This post is part of an ongoing series: Events in EA: Learnings and Critiques.


This year I attended a few retreats[1] with different goals and audiences (mostly for people already fairly involved in EA). This post lists some observations and lessons I took away from them about how I would want to run a retreat.

I’ve probably written some suggestions with more confidence than is warranted - I have strong opinions that are weakly held. For brevity, I've not always delved into my reasoning for every specific point, but I'm happy to expand in the comments! I’ve shared early versions of this advice with a couple of people running retreats, and it seemed to be helpful.  

Not all of this advice will apply to any one retreat, I think the best way to read this is to take what makes sense given your goals and use those. I think most of these suggestions are useful for community retreats; and maybe ~30-60% are useful for professional retreats. I'd be really excited for more people to share their reflections on what's worked and what hasn't. 

Nail the 'vibes'

Your goal is (probably) to help people make friends. For this reason, the vibes matter. Take time to observe how the attendees are interacting, and regularly ask the most perceptive or senior attendees how it’s going. It’s important to preserve participants’ intention, energy, and eagerness to participate proactively.

Go light with the schedule & be flexible with content

Creating a schedule is always difficult, but when in doubt I advocate for cutting things (ruthlessly). I think that attendees will ultimately care more about the overall flow and atmosphere than that extra session. 

  • Have a shorter ‘work’ day of (high quality) scheduled events to leave enough time for chilling and socializing (e.g., 10am-5pm). This will give participants time to make friends and prevent them getting too tired.  That being said - make sure the content you do have is excellent. 
  • Be willing and able to pivot - don’t be scared to throw out the schedule and do something else if you feel participants aren't resonating with the content you have, or someone makes a suggestion that seems good.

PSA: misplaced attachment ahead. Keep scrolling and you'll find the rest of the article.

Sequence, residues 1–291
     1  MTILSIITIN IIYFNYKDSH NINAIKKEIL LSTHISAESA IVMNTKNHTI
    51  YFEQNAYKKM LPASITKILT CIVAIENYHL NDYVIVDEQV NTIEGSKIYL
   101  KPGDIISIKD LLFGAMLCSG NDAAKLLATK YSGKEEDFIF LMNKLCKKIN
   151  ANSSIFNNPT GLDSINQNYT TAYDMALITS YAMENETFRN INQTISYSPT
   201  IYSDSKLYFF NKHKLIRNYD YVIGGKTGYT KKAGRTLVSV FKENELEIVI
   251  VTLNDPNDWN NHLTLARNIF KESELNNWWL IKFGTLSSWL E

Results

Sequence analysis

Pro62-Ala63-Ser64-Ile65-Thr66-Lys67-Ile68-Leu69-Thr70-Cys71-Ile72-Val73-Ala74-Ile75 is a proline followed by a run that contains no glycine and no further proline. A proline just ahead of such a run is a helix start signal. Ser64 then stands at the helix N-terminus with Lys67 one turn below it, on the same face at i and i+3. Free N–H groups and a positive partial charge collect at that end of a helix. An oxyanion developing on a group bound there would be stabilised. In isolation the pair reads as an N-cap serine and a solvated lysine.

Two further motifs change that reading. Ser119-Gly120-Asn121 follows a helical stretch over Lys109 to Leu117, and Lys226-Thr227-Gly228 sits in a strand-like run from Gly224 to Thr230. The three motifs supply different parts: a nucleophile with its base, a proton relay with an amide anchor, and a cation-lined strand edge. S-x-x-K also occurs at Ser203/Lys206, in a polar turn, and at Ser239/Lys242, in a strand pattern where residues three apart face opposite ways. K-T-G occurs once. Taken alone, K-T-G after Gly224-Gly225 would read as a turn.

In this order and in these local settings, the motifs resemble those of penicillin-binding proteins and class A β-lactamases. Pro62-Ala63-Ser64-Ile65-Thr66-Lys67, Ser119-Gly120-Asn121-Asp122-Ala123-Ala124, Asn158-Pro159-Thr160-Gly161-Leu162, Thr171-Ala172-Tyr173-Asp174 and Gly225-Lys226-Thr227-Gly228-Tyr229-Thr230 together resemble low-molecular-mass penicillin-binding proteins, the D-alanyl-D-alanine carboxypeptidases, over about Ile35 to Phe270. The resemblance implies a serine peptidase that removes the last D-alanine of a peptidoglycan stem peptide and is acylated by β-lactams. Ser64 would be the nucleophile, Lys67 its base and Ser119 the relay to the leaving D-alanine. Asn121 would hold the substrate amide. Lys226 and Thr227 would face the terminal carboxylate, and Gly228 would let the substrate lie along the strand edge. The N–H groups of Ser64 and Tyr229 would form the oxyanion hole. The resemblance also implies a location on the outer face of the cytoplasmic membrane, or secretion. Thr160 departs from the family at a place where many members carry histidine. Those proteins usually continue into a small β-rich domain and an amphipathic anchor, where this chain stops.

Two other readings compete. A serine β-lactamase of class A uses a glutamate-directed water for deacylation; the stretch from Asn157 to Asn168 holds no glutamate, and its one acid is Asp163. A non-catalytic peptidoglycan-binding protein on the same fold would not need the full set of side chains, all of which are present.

• Factor in downtime for attendees to recover from travel.

Make people feel comfortable and relaxed 

  • Try to avoid people coming late: It can feel bad to miss the first day. If people must come late, batch latecomers and have someone give them an orientation and introduce them to other participants. Consider introducing latecomers to someone beforehand, so they know at least one non-organizer when they arrive. 
  • Check in with folks: Organizers can identify and periodically check on (e.g.) the 30% of participants who are most likely to feel out of place: for example, newer EAs or people who are less well-connected.
  • Look out for each other: The German funconference had ‘awareness facilitators’ who would support you in case of physical & mental health problems or if you felt like someone crossed your boundaries, and who would keep information confidential. I thought this was a really good thing to have. 
  • Help people get to know each other before the retreat: You can share a ‘names and faces’ deck of all the attendees for people to read, and also print them and put them out in the common areas.
  • Consider activities which allow people to seek help and be vulnerable, if it makes sense: I have found Hamming Circles during retreats to be quite helpful and a positive experience (and others who've participated say the same). However, they can be very intense and it's likely that I had a positive experience because I only opted into them when I already trusted the people around me, felt open to the experience, and when the activity was being run by someone who was experienced in running these kinds of activities. 

Think about ways to facilitate group bonding

Big group bonding activities can be really magical and powerful, but it’s hard to create them successfully.